Missouri State dominated Valpo in a way no other team did this season. The Bears won 74-57 at the Athletics-Recreation Center on Jan. 15. as Isiaih Mosley dropped in 32 points. Mosley came back with another 22 points as Missouri State held serve at home in a 84-66 win on Feb. 12.
“They’re a pretty potent offensive group,” Lottich said. “We know we have our hands full in some respects. I think we’re playing well right now. I’m excited for tomorrow. I know these guys are as well. It’s going to be a tough game, but we’re going to be up for it.”
“We didn’t come here for one game,” Lottich added. “We’re going to show up tomorrow and we’re going to compete. It’s a proud group. We’re going to have some fight tomorrow.”
I’m going to flat out steal a segment from Scott Van Pelt. Remember, good writers borrow from other writers; great writers steal from them…
The Best Thing I Saw Today: Dan Muller showed up at Arch Madness. For some thoughts from Muller and why the recently-fired Illinois State coach was at the Enterprise Center, I suggest you check out this wonderful story by Ben Frederickson of the St. Louis Post Dispatch. For my thoughts, well, here they are. I’ve always liked Muller. He's got a deadpan wit that is my particular brand of humor. Valpo and Illinois State have had some pretty good battles in the last five years and he’s always been good to speak with after games. I’ve heard that when ISU was riding high that maybe he was more difficult, but I never experienced that. My favorite part of Friday was when Muller was sitting on press row with a media badge on. He was asking me the different things media people were supposed to be doing while holding court with Missouri State coach Dana Ford, Valparaiso associate head coach Luke Gore and Valley Commissioner Jeff Jackson. I told Muller he was doing it wrong because they had just put out free food in the back and any media members worth their salt would run back there and grab the food. I didn’t hear what he had to say in response. I went to get the food.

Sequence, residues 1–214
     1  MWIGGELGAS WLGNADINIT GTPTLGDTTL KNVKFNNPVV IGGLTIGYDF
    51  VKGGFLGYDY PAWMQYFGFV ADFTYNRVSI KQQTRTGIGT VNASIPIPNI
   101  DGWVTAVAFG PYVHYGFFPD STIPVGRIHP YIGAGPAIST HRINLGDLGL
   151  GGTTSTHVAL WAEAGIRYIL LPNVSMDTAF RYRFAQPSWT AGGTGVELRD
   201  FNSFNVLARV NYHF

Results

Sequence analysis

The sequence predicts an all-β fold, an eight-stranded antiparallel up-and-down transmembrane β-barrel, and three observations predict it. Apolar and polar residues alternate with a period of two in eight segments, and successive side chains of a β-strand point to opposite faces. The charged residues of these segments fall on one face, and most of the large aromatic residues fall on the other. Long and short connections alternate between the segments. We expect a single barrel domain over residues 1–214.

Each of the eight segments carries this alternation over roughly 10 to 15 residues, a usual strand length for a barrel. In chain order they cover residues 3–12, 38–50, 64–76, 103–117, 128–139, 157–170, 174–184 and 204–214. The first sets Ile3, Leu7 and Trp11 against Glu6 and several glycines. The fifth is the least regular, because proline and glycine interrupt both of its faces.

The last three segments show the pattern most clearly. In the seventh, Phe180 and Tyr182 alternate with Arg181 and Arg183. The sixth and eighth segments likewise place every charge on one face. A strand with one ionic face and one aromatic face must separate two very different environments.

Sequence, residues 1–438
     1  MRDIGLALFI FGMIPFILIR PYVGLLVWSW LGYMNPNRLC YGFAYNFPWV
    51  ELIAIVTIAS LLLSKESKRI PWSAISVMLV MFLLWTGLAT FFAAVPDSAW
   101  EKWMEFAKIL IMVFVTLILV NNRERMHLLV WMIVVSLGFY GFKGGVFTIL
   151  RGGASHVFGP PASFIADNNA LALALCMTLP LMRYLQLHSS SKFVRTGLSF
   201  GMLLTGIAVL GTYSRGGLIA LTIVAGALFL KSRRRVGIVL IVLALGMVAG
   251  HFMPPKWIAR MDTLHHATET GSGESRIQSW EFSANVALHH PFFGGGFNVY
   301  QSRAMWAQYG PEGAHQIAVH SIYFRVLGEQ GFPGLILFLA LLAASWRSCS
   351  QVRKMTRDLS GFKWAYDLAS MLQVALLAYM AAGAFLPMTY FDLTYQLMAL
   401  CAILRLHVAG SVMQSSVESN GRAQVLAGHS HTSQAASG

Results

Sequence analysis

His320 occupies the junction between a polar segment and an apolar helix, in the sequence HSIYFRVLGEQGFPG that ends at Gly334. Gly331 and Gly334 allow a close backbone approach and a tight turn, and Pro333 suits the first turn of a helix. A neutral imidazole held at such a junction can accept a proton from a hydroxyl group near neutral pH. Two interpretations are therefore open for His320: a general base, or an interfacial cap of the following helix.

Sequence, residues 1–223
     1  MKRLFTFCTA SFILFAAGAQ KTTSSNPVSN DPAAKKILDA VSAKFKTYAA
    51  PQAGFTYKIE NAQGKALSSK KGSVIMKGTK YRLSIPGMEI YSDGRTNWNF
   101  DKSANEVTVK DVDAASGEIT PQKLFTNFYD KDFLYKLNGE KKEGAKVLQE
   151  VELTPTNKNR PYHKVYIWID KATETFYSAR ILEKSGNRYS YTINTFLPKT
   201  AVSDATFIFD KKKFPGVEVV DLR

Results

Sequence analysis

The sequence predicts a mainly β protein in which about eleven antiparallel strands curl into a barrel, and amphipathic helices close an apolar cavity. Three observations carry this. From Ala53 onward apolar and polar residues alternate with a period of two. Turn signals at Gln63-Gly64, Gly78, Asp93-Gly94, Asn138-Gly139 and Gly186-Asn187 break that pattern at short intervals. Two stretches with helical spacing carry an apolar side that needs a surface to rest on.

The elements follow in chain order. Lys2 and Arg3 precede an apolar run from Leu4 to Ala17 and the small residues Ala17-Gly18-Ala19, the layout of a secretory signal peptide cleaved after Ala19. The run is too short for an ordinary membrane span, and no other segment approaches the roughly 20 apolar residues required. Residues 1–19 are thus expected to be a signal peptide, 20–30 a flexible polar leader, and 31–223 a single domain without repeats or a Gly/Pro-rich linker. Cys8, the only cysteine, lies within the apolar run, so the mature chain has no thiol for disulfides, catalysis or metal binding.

I’ve been banging the Arch Madness drum for five years now and I know Valparaiso hasn’t exactly inspired a lot of confidence for late weekend runs, what with playing on Thursday four of the five years. Throw in a pandemic last year, and I truly understand why Valpo hasn’t had as strong of fan support in St. Louis as other programs. All that being said, when and if Valpo gets this thing rolling and begins avoiding Thursday year in and year out, I suggest everyone come down to this tournament. The Ballpark Village, the fans walking the streets, the beautiful March weather. You really can’t beat the experience.
I’ve got plenty more thoughts on Arch Madness, but I’ll save them for my post-mortem article on the weekend. A reminder that game coverage is free at The Victory Bell. If you’re truly enjoying the content, I ask you to subscribe for the low cost of $5/month or $49.99 a year. For every paid subscription I receive on Friday, I’ll have one slice of IMO’s Pizza. (I’m capping slices at 10 for fear of killing my tastebuds) In case you’ve never heard of IMO’s, look it up. Lord knows I should’ve the first, and only, time I tried it.
(Photos provided by Missouri Valley Conference)